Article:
|Issue:||Europe I 2012|
|Topic:||The potential for monetising|
Jürgen Samuel was appointed CEO of sicap in February 2009. His previous positions include Senior Vice President, Business Development, Marketing& Sales at Siemens IT Services, Chief Executive and Vice President Consulting of Oracle Germany and Chief Executive at Sony Germany.
Jürgen Samuel has a Master of Science in Management from MIT.
There is huge potential for mobile operators to deliver advanced services but their challenge is to generate bottom line profit from their efforts. Making life simple is the key to appealing services and profitability can be further enhanced by subscriber profiling. Mobile network infrastructure, from the USSD channel, through billing systems, to the remote control of devices and SIM, can be deployed to create a layer of value spanning across a very wide chain of business
Now that high-speed network technologies have been deployed, and smartphones brimming with applications have flooded the market, there is huge potential for mobile operators to deliver advanced services. But just how profitable can mobile money services be, and which ones will really take off? Can we take a significant margin on NFC-technology sales of transport tickets? Which services are company IT departments crying out for in order to manage their employee smartphones stuffed with sensitive data? The challenge for operators is to generate bottom line profit for their effort.
Return on investment is invariably volume-driven, principally because operating costs decrease significantly when fifty per cent or more of subscribed users are actively transacting. Marketing teams therefore have to make sure that a large number of their subscribers actually want the proposed service and will want to use it on a regular basis. Additionally, the majority of subscribers should be able to use it within the limits of their subscription package or given a strong incentive to upgrade in order to use it. Last but not least, the service must actually work on their device on their first attempt. If it doesn’t, the chances are that the subscriber will not bother trying again, and despite the initial appeal of the service, no revenue will be drawn from it.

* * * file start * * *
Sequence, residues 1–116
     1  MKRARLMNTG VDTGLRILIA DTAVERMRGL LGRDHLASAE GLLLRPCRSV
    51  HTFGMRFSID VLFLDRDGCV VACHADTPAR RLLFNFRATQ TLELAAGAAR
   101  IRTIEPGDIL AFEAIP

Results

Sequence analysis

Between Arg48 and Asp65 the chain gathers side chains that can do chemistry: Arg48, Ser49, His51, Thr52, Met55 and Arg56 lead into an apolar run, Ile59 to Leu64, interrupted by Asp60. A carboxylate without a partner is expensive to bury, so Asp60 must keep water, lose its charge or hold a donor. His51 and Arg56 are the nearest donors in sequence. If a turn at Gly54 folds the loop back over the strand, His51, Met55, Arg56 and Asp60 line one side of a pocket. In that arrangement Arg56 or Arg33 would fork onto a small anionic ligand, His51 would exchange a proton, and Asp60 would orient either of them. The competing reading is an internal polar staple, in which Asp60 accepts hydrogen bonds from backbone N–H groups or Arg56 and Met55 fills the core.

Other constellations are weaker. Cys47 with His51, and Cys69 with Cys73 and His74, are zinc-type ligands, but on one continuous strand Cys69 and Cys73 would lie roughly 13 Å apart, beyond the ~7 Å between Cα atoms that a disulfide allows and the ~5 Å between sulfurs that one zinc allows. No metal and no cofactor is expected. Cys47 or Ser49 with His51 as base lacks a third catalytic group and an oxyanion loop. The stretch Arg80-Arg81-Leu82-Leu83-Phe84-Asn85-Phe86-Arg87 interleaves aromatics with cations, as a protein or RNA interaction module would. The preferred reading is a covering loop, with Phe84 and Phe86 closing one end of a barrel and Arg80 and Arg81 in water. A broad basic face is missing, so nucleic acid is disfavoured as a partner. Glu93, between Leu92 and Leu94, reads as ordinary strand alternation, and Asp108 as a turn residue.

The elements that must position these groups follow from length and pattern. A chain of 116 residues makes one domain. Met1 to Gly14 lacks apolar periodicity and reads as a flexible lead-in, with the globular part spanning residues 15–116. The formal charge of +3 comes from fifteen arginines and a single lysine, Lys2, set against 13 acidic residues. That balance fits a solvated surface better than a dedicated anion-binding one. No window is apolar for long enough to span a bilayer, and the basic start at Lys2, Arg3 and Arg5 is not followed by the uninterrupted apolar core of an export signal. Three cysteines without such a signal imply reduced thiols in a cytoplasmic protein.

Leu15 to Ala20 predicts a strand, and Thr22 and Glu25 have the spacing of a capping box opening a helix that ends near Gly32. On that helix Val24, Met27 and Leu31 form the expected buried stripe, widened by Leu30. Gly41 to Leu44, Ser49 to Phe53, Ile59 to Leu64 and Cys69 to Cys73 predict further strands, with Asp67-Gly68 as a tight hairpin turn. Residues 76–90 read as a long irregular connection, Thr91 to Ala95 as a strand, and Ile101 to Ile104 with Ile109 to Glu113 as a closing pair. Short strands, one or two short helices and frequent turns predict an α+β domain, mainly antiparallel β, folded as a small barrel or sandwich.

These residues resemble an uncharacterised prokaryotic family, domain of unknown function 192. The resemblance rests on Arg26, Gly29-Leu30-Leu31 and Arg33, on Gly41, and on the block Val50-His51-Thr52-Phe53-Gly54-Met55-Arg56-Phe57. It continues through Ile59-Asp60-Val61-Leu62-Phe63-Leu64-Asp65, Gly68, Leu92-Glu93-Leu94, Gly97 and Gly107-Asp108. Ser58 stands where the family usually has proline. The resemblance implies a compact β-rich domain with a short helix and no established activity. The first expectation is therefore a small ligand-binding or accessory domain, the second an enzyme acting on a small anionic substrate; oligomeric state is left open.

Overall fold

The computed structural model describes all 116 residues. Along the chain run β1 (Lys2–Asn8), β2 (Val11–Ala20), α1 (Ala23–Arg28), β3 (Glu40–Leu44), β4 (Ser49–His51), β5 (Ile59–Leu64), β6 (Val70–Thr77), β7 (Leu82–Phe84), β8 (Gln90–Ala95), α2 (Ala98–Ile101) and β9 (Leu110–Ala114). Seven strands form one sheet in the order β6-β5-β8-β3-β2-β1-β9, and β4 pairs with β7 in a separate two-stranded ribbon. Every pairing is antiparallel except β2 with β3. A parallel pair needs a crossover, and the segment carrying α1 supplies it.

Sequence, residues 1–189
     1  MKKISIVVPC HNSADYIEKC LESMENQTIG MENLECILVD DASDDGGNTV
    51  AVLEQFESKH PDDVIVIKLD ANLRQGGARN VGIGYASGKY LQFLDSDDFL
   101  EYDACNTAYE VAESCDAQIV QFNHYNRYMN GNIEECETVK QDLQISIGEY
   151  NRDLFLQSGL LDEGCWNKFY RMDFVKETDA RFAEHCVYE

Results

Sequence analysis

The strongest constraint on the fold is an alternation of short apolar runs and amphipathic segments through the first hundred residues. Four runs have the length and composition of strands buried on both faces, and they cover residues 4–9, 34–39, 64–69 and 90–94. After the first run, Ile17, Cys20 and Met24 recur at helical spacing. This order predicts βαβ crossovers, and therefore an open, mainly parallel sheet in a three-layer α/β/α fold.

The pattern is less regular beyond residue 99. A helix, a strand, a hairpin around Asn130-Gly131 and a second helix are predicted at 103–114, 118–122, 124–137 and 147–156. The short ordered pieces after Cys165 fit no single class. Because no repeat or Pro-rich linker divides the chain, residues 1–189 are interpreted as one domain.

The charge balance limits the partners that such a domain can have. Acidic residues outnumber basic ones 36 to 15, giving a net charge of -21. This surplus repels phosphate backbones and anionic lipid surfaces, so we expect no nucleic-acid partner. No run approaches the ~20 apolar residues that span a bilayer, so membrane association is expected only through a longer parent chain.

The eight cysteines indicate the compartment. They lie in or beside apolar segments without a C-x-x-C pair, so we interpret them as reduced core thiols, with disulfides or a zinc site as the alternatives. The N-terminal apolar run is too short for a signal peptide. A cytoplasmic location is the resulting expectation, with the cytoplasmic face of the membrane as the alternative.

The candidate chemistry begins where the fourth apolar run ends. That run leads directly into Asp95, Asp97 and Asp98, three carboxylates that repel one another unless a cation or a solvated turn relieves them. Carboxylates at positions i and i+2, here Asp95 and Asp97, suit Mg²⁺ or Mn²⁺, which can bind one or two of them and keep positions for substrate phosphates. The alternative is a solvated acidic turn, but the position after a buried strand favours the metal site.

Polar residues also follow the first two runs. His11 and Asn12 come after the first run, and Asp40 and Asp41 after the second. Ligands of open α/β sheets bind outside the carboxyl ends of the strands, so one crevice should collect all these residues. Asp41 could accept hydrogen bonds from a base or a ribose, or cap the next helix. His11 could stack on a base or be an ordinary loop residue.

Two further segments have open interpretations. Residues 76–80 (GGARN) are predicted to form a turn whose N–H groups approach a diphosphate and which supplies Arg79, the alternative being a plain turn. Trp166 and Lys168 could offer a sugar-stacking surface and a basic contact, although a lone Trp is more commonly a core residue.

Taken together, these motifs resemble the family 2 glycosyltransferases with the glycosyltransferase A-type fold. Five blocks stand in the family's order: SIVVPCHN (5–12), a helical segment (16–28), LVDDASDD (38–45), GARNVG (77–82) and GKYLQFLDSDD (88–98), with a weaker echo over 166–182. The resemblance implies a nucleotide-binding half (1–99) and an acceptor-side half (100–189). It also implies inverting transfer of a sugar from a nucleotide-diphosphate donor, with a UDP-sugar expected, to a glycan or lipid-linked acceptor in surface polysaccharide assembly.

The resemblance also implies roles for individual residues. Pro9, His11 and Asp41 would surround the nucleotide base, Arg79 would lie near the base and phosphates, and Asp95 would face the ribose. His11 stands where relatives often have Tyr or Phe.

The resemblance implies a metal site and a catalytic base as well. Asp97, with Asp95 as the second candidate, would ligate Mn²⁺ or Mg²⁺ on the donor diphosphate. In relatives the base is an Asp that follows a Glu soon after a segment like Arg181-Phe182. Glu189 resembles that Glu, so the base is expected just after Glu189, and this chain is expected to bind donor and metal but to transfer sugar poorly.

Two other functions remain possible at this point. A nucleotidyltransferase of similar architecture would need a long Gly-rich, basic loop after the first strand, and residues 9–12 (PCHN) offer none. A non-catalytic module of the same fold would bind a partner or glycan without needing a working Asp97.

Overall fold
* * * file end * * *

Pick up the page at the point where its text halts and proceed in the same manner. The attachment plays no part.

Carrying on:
Making life simple
So firstly, what makes a service attractive? Appeal depends largely on demographics. Let’s take the mobile money market as an example. West European city dwellers appreciate the speed and efficiency of touchscreen kiosks for their prepaid reloads. Subscribers with NFC devices can be recognised and their account credited in seconds by swiping their phone and inserting the coins. In Switzerland, reload kiosks are popular because they tangibly reduce waiting time in city centre phone stores. Unbanked West African subscribers on the other hand, prefer the kiosks as cash-in, cash-out machines to manage their money on a daily basis, or to send money to their loved ones. Mobile money transfers are simply credited or debited to the subscriber’s prepaid credit balance. These transactions are successful because they allow subscribers to make considerable savings on commission. In Cote d’Ivoire for example, the dissuasive 6 euro monthly account charges imposed by banks is equivalent to two days of salary for a security guard or shop employee. Though different in content, the West European mobile money example and the West African one allow their users to respectively save time or money. In a nutshell, they both serve a single purpose which meets a strong need. Often quoted as a showcase, the M-PESA mobile money offer in Kenya reached positive cash flow in the thirdyear of operations with nine per cent of total annual revenue because the marketing was focussed on a single ‘get money home’ message.
Making life simple has great appeal and can be monetised in just about any domain. On the corporate scene, operators have a new opportunity to offer digital security services which reduce the number of sign-in and authentication procedures down to one single operation on the mobile device. On the user side, the good news is that we will soon be able to throw away encryption keys and will no longer have to remember countless passwords with letters and digits that have to be renewed every month. I made a quick count of my own corporate applications while writing this piece, and realised that I have over a dozen different passwords on the go, and I will have to renew a good few of them in the coming weeks. M.Ink, (a short form of Mobile Ink) will soon change all that. It is a new mobile ID service for streamlined data security. The beauty of M.Ink is that, because it relies on an applet located in a supplementary security domain on the SIM card, it meets even the most stringent security requirements of the banking Industry. SIM cards are the natural keepers of operator-managed security, and operators are in a unique position to capitalise on the capabilities it offers. We can safely predict that M.Ink will become a prerequisite for m-commerce sales, on-line-billing, payment, order fulfilment, financial trading etc. What if, before concluding a deal, financial traders had to get M.Ink approval from their senior?